The five theories range from the plausible to the outlandish, each initially engaging and all ultimately exhausting. The most obvious comes from Bill Blakemore of ABC News, who contends that the subtext of the film pertains to the annihilation of the Native American tribes of North America. The linchpin to his theory is the ever-present cans of Calumet Baking Powder in the background that sport a logo of a Native American.

College Professor Geoffrey Cock thinks the movie's subtext deals with the Holocaust, as he's noticed that the number 42, or variations of it, continually pop up in the film, which refers to 1942, the year the Nazis began the final solution. Also if you multiply 2 by 3 by 7, you get, you guessed it, 42! (No word yet if anyone has come up with a theory that this might pertain to Jackie Robinson, No. 42.)

Perhaps the most outlandish reading comes from author Jay Weidner, who claims that the film is replete with references to Kubrick having helped fake the moon landing by shooting footage he was forced to make by NASA. Seems the distance to the moon is about 237,000 miles, and little Danny can be seen wearing a NASA sweatshirt at times while the design in some of the hotel's rugs look like rockets.

The final two theories, both of which I quickly lost patience with, posit that the set was designed to reflect a labyrinth that references the classic Greek myth involving the minotaur, which is played out during "The Shining's" climax, while the other suggestions that certain dualities and alternate readings of the film can be gained by playing it forward and backward at the same time. Such a screening was actually set up, and we see part of it play out.

Ascher doesn't show any of the amateur film theorists on camera, which allows him to justify their thoughts by showing clips from Kubrick's film that support their interpretations. This results in some rare "Oh, wow!" moments as the director shows a bit of merit to these theories.

Most of the time, however, you'll be thinking that these folks are reading far too much into the film and perhaps would be better off finding a new hobby.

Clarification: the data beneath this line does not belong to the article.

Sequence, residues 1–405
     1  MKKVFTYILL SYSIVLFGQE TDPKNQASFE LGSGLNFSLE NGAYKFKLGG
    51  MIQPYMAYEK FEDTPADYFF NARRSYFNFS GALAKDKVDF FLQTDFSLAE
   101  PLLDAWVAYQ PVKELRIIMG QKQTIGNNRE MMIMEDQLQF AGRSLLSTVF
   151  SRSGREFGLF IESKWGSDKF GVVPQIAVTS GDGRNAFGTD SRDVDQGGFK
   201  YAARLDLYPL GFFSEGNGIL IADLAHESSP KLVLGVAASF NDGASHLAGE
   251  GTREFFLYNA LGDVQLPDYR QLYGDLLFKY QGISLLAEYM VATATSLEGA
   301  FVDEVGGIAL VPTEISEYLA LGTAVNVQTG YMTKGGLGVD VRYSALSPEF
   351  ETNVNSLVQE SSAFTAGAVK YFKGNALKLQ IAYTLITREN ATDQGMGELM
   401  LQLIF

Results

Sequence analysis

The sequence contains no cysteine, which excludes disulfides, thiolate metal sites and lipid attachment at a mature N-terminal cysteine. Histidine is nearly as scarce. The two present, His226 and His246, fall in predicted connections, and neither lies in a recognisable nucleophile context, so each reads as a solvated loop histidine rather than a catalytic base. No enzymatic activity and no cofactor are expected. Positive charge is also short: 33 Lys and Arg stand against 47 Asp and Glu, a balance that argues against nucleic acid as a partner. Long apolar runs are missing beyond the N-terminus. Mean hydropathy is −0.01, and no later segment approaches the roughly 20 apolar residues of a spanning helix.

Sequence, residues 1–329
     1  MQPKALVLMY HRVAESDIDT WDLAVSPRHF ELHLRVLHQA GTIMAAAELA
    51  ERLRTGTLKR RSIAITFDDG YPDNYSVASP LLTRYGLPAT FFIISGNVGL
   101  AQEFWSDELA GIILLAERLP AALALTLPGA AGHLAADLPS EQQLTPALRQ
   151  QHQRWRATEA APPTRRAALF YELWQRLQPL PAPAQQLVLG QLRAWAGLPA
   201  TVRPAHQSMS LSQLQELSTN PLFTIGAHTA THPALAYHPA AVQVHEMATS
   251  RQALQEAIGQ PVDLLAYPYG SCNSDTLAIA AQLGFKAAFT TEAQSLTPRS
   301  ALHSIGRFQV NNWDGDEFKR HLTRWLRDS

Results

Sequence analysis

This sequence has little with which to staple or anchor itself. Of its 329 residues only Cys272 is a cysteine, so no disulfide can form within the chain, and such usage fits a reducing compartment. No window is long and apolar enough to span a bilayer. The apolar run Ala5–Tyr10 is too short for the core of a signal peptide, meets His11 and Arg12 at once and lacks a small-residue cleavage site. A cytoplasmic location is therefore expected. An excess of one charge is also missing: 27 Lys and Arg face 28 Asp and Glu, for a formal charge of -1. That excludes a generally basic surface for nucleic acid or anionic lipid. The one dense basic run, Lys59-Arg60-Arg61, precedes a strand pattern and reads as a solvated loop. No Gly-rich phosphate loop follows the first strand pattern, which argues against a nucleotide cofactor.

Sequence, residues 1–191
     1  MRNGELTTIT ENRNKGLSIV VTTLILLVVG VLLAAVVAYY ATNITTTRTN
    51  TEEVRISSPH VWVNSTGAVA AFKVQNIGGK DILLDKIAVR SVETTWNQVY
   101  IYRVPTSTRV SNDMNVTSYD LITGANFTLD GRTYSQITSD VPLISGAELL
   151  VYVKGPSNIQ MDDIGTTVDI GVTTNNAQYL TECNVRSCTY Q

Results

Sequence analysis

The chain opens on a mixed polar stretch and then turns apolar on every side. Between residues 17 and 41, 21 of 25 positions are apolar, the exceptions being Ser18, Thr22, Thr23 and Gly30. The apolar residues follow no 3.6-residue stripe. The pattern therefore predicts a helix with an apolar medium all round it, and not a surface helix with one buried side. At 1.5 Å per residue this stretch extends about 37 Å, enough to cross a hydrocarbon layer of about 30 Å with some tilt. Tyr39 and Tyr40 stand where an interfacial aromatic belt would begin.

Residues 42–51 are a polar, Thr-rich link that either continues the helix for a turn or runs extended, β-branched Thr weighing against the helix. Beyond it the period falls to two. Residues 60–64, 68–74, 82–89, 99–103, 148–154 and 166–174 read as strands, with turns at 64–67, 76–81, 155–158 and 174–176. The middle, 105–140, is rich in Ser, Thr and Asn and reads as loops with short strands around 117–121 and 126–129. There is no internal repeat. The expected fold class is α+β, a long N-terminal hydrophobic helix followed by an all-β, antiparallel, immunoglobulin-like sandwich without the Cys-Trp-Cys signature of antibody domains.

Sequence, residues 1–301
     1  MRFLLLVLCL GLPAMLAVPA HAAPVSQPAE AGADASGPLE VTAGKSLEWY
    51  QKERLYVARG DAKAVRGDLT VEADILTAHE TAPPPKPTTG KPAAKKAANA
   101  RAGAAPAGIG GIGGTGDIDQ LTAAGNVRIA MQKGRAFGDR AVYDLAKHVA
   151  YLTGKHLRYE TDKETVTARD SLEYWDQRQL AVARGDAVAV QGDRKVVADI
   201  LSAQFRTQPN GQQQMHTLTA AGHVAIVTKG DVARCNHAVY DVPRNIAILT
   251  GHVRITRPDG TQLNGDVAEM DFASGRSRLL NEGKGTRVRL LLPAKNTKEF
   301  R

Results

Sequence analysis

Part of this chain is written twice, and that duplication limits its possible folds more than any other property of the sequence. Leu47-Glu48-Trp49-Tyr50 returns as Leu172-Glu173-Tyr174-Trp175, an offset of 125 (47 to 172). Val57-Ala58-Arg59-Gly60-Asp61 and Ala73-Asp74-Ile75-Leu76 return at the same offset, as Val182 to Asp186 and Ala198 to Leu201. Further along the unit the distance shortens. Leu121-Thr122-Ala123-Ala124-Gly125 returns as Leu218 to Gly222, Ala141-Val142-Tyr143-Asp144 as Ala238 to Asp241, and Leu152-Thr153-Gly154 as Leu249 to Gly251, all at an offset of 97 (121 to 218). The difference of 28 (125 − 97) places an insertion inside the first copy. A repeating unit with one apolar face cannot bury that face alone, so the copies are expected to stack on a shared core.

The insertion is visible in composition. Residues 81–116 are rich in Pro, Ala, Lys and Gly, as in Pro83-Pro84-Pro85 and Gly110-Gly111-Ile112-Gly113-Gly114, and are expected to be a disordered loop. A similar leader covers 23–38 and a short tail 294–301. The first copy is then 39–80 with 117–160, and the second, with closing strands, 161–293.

'Home Run' rife with errors (2 stars). It comes as no surprise that faith-based dramas have found a devoted following. Films such as "Facing the Giants," "Fireproof" and "Courageous" answer a need with their life-affirming messages as the product from Hollywood seldom supplies such themes.

I have no problem with the intent of these movies or those who embrace them. I just wish they were better made and not so heavy-handed in delivering a message of redemption through Christianity.

The latest entry in this subgenre, "Home Run," is a little better than most, thanks in large part to the winning performance of its lead actor and the efforts of the director, who keeps this woefully predictable story moving at a brisk pace.

The lost soul at the center of this tale of salvation is Cory Brand (Scott Elrod), a major league baseball player who's been able to keep his alcoholism under wraps despite the fact that he's had numerous run-ins with the law and more than a few embarrassing moments. His latest takes the cake as he injures an honorary batboy during an on-field tirade, an act that leads to an eight-week suspension. His agent Helene (Vivica A. Fox), a master at damage control, convinces him to head back to his hometown of Tulsa, Okla., to get his head on straight and enter a 12-step addiction recovery program. Brand is resistant, even after he gets into a car accident with his brother, which forces him to take over the Little League team his sibling coaches.

A big part of the problem with films of this sort is that they simply don't know when to quit. Bad enough that Brand has to contend with being exiled to the sticks and forced into a recovery program, but did the four screenwriters have to pile on the car accident as well as a subplot involving his old high school flame who just happens to be a single mom as well as his co-coach?

Overstuffed stories like this stretch and break the laws of credibility. It is far too easy to scoff not only at the ridiculous plot but also the film's message, well intended as it might be.

Yet, as insincere and obvious as the movie is, Elrod is genuine and engaging. A bit player up until this point, the actor brings a sense of much-needed charisma to Brand — and looks like a ballplayer, taking convincing swings at bat and looking as at home on a ballfield as a tick on a dog.

He shows us how Brand has been able to charm his way out of one jam after another but also convinces us of his anguish when he confronts his demons.

Elrod deserves far better than this, and here's hoping that in the future he's given a script that favors a subtle approach in delivering its message rather than a sledgehammer.

For DVR alerts, film recommendations and movie news, follow Chuck Koplinski on Twitter at @ckoplinski. He can be reached via email at chuckkoplinski@gmail.com.